When negotiating the sale of their home, one Australian family was willing to give up their cat Tiffany to the new homeowners for $140,000 (about $120K in US dollars). Some readers of the article announcing this exchange felt their pets were priceless, while others pointed out that cats are territorial and may not tolerate moves.
Don’t expect some cats to reciprocate your affectionate feelings – according to one medical examiner, cats will consume your lips and other edibles should you expire in your home. Sweet dreams, kitty owners.
A problem with a lot of introductory level courses is that they attract heterogeneous students. In sociology, this is very apparent in the introduction to sociology class. It is not uncommon to get, in the same class, a graduating senior who wants to put in the minimal amount of effort and the very aggressive freshman who wants that 4.0 GPA for that Harvard law application. The heterogeneous class presents problems on many levels – the presentation of materials, classroom management, and so forth. In this posts, a few comments on how to handle this class.
- Cut the class in half. A few people have told me that it is effective to treat the first half as a chance to make sure everyone is on the same page. Then, the second half you can move into material that will be new for almost everyone.
- Active learning: People have also suggested that you stop lecturing. Instead, really have students to in-class work. This helps reduced the boredom for more advanced students and, at the least, gives them something to do.
- A third strategy is to stratify assignments. Older students can get more involved and challenging assignments. This depends on the nature of the course and if you have the patience to grade multiple assignments at once.
Use the comments to discuss your own teaching strategies for heterogeneous classes.
So the stock market has been freaking out a bit the last couple of weeks. Secular stagnation, Ebola, a five-year bull market—who knows why. Anyway, over the weekend I was listening to someone on NPR explain what the average person should do under such circumstances (answer: hang tight, don’t try to time the market). This reminded me of one of my pet quibbles with financial advice, which I think applies to a lot of social science more generally.
For years, the conventional wisdom around what ordinary folks should do with their money has gone something like this. Save a lot. Put it in tax-favored retirement accounts. Invest it mostly in index funds—the S&P 500 is good. Don’t mess with it. In the long run this is likely to net you a reliable 7% return after inflation, about the best you’re likely to do.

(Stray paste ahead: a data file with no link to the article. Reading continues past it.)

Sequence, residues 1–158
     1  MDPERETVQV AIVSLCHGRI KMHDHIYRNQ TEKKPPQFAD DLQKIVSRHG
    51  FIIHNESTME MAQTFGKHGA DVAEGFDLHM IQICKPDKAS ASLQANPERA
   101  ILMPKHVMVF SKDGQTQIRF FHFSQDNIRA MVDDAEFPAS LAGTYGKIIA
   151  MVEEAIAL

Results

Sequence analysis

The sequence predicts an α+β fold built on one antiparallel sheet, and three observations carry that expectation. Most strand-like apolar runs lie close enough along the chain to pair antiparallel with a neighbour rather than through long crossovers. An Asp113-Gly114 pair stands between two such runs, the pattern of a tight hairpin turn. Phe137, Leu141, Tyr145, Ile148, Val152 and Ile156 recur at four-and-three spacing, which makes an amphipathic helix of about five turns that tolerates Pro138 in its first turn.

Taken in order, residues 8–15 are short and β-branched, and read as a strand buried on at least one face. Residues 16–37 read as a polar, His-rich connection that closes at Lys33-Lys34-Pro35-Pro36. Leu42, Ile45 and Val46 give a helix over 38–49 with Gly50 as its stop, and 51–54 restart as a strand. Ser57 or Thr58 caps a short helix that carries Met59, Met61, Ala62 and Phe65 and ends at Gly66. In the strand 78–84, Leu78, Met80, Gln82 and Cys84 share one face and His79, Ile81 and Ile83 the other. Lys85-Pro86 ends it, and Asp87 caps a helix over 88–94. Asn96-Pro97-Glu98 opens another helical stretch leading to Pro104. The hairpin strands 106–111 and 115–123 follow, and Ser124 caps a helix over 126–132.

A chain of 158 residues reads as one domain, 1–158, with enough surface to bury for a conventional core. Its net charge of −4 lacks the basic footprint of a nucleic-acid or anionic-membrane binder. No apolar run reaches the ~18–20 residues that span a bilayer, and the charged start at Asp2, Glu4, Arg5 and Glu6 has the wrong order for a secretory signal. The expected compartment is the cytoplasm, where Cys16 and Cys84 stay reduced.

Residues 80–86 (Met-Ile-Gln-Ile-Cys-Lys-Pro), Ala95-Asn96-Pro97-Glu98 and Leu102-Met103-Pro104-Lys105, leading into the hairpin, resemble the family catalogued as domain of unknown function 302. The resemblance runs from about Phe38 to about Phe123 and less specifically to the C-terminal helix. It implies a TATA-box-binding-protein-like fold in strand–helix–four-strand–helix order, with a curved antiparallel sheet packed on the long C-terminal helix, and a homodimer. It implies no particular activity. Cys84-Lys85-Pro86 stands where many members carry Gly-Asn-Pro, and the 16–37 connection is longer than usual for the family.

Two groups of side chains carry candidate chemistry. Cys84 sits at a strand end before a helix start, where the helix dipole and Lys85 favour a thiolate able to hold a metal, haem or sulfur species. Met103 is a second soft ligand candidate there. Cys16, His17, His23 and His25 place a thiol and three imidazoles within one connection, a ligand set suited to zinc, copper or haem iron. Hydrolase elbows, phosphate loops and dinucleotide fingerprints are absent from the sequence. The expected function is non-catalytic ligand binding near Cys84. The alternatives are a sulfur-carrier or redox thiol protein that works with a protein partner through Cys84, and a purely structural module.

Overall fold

Now, it’s not that I think this is bad advice. In fact, this is pretty much exactly what I do, with some small tweaks.
But it has always struck me how, in news stories and advice columns and talk shows, people talk about how this is a good strategy because it’s worked for SO LONG. For 30 years! Or since 1929! Or since 1900! (Adjust returns accordingly.)
And yes, 30 years, or 85, or 114, are all a long time relative to human life. And we have to make decisions based on the knowledge we’ve got.
But it’s always seemed to me that if what you’re interested in is what will happen over the 30+ years of someone’s earning life (more if you’re not in academia!), you’ve basically got an N of 1 to 4 here. I mean, sure, this may be a reasonable guess, but I don’t think there’s any strong reason to believe that the next 100 years are likely to look very similar to the last 100. Odds are better if you’re just interested in the next 30, but even then, I’m always surprised by just how confident the conventional wisdom is around the idea that the market always coming out ahead over a 25- or 30-year period—going ALL THE WAY BACK TO 1929—is rock solid evidence that it will do so in the future.
Of course, there are lots of people who don’t believe this, too, as evidenced by what happened to gold prices after the financial crisis. Or by, you know, survivalists.
Anyway, I think this overconfidence in the lessons of the recent past is something we as social scientists tend to be susceptible to. The study that comes most immediately to mind here is the Raj Chetty study on value-added estimates of teachers (paper 1, paper 2, NYT article).
The gist of the argument is that teachers’ effects on student test scores, net of student characteristics (their value added), predicts students’ eventual income at age 28. Now, there’s a lot that could be discussed about this study (latest round of critique, media coverage thereof).
But I just want to point to it—or rather, broader interpretations of it—as illustrating a similar overconfidence in the ability of the past to predict the future.
Here we have a study based on a massive (2.5 million students) dataset over a twenty-year period (1989-2009). Just thinking about the scale of the study and taking its results at face value, it’s hard to imagine how much more certain one could be in social science than at the end of such an endeavor.
And much of the media coverage takes that certainty and projects it into the future (see the NYT article again). If you replace a low value-added teacher with an average one, the classroom’s lifetime earnings will increase by more than $250,000.
And yet to make such a leap, you have to be willing to assume so many things about the future will be like the past: not only that incentivizing teachers differently and making tests more important won’t change their predictive effects (which the papers acknowledge), but, just as importantly, that the effects of education on earnings—or, more specifically, of teacher value-added on earnings—will be similar in future 20-year periods as it was from 1989-2009. And that nothing else meaningful about teachers, students, schools, or earnings will evolve over the next 20 years in ways that mess with that relationship in a significant way.
I think we do this a lot—project into the future based on our understanding of a past that is, really, quite recent. Of course knowledge about the (relatively) recent past still should inform the decisions we make about the future. But rather a lot of modesty is called for when making blanket claims that assume the future is going to look just like the past. Maybe it’s human nature. But I think that modesty is often missing.